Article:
Cottco scrambles for ZWL$800m

January 20, 2022



The Cotton Company of Zimbabwe (Cottco) is scrambling to  raise  about ZWL$800m to cover its debt to farmers, Business Times can report.

In trading update for the third quarter to December 31 2021, Cottco’s company secretary Jacqueline Dube said high costs driven by the parallel market exchange rates continued to squeeze the company’s margins.

“Whilst Cottco was able to pay farmers ZWL$3bn  from funding raised during the season the company is looking to unlock a further ZWL$800m  to clear outstanding dues to farmers after the payment of the outstanding 2020 subsidy by government,” Dube said.

She said the government generously committed an additional ZWL$22 per kilogramme delivered by farmers as a subsidy payment in order to ensure that cotton farming remains viable.

The total subsidy for 2021 was ZWL$2.53bn and ZWL$500m was released and paid to farmers during the period under review.

The balance is anticipated shortly from the Treasury.

Dube said cotton deliveries increased 40% to 116 025  tonnes in the reviewed period from 82 479 tonnes delivered in the prior comparative period.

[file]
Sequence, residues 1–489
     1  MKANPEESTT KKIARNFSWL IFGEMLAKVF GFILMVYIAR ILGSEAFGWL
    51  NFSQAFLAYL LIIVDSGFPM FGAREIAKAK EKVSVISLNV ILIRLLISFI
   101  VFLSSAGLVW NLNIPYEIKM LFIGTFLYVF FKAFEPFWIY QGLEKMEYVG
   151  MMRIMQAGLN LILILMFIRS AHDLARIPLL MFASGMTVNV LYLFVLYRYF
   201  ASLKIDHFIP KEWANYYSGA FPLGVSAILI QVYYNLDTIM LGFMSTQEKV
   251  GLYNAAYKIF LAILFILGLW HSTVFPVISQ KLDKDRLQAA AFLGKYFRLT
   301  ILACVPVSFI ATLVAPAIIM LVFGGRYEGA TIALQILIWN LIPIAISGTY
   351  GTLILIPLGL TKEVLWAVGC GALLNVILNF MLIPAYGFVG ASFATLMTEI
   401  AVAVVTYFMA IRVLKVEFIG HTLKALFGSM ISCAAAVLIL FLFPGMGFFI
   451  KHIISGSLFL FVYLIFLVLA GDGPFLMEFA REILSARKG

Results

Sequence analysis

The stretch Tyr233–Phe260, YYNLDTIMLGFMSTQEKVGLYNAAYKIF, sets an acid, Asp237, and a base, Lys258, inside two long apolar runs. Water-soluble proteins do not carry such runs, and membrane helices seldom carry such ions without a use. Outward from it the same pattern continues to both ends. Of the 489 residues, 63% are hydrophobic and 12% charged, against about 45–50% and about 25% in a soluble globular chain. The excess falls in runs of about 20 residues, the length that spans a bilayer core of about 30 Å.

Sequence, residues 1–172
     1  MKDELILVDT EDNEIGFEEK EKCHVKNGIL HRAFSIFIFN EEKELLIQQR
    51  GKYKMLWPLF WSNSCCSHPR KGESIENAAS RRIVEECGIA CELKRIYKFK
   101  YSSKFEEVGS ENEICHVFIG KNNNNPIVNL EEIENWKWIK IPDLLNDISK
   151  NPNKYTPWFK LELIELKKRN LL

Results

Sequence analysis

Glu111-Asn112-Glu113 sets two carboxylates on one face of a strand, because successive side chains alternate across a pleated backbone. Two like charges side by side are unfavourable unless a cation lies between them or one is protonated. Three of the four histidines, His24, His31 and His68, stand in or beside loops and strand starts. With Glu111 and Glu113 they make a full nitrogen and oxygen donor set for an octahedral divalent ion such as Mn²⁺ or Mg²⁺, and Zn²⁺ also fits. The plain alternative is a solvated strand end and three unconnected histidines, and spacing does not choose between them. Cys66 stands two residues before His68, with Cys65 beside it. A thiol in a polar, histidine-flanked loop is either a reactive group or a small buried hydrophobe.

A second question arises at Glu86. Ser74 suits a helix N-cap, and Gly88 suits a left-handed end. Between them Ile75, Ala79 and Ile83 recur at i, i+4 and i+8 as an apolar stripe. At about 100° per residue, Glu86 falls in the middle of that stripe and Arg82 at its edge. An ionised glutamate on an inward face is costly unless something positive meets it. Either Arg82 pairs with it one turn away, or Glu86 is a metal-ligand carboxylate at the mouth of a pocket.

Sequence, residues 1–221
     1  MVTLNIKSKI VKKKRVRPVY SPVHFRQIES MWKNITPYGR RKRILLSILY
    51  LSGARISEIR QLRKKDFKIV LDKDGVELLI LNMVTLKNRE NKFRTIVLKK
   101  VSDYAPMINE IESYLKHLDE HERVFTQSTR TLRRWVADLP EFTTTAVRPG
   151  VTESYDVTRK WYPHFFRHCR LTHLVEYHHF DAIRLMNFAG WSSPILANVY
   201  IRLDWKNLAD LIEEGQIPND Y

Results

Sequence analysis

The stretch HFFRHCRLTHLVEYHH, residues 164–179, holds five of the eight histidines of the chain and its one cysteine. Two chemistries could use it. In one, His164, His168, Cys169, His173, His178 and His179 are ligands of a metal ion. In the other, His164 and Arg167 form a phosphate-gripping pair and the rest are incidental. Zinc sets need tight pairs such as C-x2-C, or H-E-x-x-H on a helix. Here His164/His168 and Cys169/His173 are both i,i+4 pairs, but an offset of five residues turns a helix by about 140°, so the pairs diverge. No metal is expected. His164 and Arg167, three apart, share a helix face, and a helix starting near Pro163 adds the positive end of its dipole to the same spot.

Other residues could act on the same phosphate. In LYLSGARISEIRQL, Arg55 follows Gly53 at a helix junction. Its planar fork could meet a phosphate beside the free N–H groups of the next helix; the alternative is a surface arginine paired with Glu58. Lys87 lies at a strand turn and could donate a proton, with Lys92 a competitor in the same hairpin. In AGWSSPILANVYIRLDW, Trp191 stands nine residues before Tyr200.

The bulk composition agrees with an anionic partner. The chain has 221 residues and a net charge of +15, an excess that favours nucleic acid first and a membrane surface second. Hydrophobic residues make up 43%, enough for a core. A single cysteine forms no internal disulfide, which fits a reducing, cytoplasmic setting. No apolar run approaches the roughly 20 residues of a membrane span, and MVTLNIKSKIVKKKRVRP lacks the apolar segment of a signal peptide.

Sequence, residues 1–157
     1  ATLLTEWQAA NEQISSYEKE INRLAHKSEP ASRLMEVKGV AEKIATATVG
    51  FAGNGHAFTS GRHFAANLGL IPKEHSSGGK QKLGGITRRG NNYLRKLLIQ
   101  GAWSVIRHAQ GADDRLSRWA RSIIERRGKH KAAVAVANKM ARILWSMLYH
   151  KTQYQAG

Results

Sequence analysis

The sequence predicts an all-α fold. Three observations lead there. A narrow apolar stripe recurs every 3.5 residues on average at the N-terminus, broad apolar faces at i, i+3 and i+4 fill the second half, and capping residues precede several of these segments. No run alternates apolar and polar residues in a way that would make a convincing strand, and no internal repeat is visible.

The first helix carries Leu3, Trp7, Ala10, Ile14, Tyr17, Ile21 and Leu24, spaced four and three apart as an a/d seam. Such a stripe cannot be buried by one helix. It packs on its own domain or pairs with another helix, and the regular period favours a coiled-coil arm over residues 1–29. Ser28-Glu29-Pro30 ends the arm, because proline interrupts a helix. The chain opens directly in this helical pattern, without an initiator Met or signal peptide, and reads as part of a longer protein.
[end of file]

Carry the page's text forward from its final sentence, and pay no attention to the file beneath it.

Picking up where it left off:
She said the international lint prices continued on an upward trend.

“Lint prices peaked at 119.2 USc/lbs on November 15 2021 compared to average prices of 56 USc/lb that prevailed in 2020,” Dube said.

The third quarter typically signifies the end of white gold’s buying season.

Dube said Cottco’s ginning schedule was delayed by power availability and 93% of the seed cotton intake had been ginned by the end of December.

Zimbabwean hand-picked cotton is in high demand and the company’s order book exceeds production volumes.

Cottco could not release  the operations information pending the imminent finalisation of the outstanding external audits.

Cottco’s Checheche branch in Chipinge  South suffered severe damage following a fire incident last year.

Dube said the loss assessor was in the final stages of assessment of the insurance claim which is not expected to be lower than the initial estimates reported in the last trading update.

The late onset of the rains, Dube said, has resulted in a sizable crop being established  a month or  two months later than normal.

Dube said depending on the length of the season and available heat units this could affect the maturity and fibre length of the output.

Cottco’s ground staff are working with farmers to achieve the best possible results under the circumstances.

The adoption of precision agriculture under the Cotton Pfumvudza/lntwasa programme is also expected to improve the outlook.

The business experienced some disruptions due to an increase in Covid-19 cases at the end of the quarter although the impact was minimised through remote working.

As an additional precaution, Dube said farmer training was conducted through smaller farmer groups.

She said Cottco was reviewing projects for value addition and increased use of technology in its processes to enhance operational efficiencies.


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